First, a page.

Prince William agrees with the 82 percent of TrèsSugar readers who say they'd rather have a small wedding than a large one.
Prince William agrees with the 82 percent of TrèsSugar readers who say they'd rather have a small wedding than a large one. The future king plans to model his wedding after Grandma's, figuring that current times are more like the post-World War II era than the flashy 1980s when his parents were married.
When Queen Elizabeth married in 1947, World War II had just ended and the royal family wanted to send a message of solidarity with ordinary Britons. The then-Princess Elizabeth even paid for her dress with rationing coupons, and the press got a simple statement from the Archbishop of York announcing that she was "married this afternoon in some small country church" in a wedding that had "the essentials." There were 2,000 people in attendance, compared to the 3,500 guests and 600,000 people in the streets at Charles and Diana's wedding.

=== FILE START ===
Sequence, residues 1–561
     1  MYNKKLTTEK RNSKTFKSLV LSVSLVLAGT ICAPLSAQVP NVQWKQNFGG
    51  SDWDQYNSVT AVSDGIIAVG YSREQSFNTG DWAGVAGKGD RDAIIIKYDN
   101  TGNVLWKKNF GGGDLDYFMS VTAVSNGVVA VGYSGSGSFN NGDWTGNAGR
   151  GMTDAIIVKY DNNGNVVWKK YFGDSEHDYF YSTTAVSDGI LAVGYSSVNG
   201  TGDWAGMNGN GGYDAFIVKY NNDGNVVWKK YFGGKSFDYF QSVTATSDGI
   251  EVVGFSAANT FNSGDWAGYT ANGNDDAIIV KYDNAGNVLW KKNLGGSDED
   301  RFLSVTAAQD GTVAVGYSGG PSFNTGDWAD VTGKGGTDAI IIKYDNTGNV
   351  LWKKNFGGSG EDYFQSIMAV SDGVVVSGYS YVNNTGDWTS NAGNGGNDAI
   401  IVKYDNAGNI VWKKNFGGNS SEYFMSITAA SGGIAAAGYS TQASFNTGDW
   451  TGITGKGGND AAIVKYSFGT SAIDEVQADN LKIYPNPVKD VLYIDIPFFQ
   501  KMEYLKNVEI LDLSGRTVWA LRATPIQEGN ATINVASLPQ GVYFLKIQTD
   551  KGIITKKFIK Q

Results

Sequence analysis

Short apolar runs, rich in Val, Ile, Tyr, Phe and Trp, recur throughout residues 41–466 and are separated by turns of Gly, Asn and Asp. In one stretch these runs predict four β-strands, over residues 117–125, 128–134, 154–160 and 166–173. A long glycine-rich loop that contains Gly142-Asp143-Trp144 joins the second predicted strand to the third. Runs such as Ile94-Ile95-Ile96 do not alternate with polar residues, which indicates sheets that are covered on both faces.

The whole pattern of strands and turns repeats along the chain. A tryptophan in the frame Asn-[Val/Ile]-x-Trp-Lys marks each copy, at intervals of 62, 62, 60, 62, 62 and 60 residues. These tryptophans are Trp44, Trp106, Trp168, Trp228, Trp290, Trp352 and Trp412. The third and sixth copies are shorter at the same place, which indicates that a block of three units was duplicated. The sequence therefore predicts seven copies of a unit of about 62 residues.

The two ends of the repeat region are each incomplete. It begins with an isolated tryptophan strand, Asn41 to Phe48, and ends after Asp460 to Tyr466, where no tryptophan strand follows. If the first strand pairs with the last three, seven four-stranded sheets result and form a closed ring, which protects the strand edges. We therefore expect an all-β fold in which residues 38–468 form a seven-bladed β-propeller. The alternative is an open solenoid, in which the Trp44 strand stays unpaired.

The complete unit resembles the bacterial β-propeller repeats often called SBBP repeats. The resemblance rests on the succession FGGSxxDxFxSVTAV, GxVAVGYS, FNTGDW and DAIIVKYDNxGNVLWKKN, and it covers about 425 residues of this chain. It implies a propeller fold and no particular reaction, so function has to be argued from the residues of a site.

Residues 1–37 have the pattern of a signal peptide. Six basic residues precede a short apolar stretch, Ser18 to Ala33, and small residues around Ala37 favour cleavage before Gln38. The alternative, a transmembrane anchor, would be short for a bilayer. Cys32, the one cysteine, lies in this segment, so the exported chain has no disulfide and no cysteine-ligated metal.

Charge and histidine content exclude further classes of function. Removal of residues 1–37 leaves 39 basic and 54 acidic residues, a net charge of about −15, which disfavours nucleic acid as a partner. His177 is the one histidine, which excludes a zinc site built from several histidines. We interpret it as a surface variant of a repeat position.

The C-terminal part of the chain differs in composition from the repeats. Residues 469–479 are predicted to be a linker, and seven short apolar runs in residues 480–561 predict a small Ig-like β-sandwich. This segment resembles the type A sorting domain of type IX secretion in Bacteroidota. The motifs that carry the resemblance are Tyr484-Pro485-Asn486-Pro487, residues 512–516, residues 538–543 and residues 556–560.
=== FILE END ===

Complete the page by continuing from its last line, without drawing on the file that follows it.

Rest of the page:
Sources say that William will do his best to send a message of restraint, and President Obama might not even be invited since William isn't even first in line. Obama will be OK — he's used to wedding guest list snubs after Chelsea Clinton left him off her list. But considering the global interest so far and how much security, people, and media attention William and Kate's wedding is sure to garner, it will be next to impossible for them to compete with Elizabeth's simplicity (maybe Kate could use a Groupon instead of rationing coupons to buy her dress?).
Of course, the "small country church" was Westminster Abby, the same place William and Kate plan to marry, so maybe austerity is just a matter of semantics.